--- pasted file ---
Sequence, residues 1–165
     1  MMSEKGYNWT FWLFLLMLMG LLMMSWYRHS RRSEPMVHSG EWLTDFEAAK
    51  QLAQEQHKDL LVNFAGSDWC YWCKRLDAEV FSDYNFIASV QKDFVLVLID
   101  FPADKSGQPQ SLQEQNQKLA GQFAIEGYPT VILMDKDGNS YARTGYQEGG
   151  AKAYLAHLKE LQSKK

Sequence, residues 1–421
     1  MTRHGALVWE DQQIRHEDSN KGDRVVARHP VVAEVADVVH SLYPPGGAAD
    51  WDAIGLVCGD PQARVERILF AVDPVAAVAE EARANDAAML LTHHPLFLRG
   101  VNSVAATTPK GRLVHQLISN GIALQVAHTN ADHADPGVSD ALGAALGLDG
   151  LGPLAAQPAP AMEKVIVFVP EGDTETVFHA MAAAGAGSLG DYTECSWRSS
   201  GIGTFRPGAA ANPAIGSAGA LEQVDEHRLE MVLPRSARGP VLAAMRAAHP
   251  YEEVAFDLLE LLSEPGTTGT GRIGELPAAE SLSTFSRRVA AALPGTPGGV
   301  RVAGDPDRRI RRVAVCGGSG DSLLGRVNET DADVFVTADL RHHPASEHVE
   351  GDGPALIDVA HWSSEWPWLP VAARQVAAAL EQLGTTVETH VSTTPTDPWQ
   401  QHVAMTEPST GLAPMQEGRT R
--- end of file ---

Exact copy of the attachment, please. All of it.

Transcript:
Sequence, residues 1–165
     1  MMSEKGYNWT FWLFLLMLMG LLMMSWYRHS RRSEPMVHSG EWLTDFEAAK
    51  QLAQEQHKDL LVNFAGSDWC YWCKRLDAEV FSDYNFIASV QKDFVLVLID
   101  FPADKSGQPQ SLQEQNQKLA GQFAIEGYPT VILMDKDGNS YARTGYQEGG
   151  AKAYLAHLKE LQSKK

Sequence, residues 1–421
     1  MTRHGALVWE DQQIRHEDSN KGDRVVARHP VVAEVADVVH SLYPPGGAAD
    51  WDAIGLVCGD PQARVERILF AVDPVAAVAE EARANDAAML LTHHPLFLRG
   101  VNSVAATTPK GRLVHQLISN GIALQVAHTN ADHADPGVSD ALGAALGLDG
   151  LGPLAAQPAP AMEKVIVFVP EGDTETVFHA MAAAGAGSLG DYTECSWRSS
   201  GIGTFRPGAA ANPAIGSAGA LEQVDEHRLE MVLPRSARGP VLAAMRAAHP
   251  YEEVAFDLLE LLSEPGTTGT GRIGELPAAE SLSTFSRRVA AALPGTPGGV
   301  RVAGDPDRRI RRVAVCGGSG DSLLGRVNET DADVFVTADL RHHPASEHVE
   351  GDGPALIDVA HWSSEWPWLP VAARQVAAAL EQLGTTVETH VSTTPTDPWQ
   401  QHVAMTEPST GLAPMQEGRT R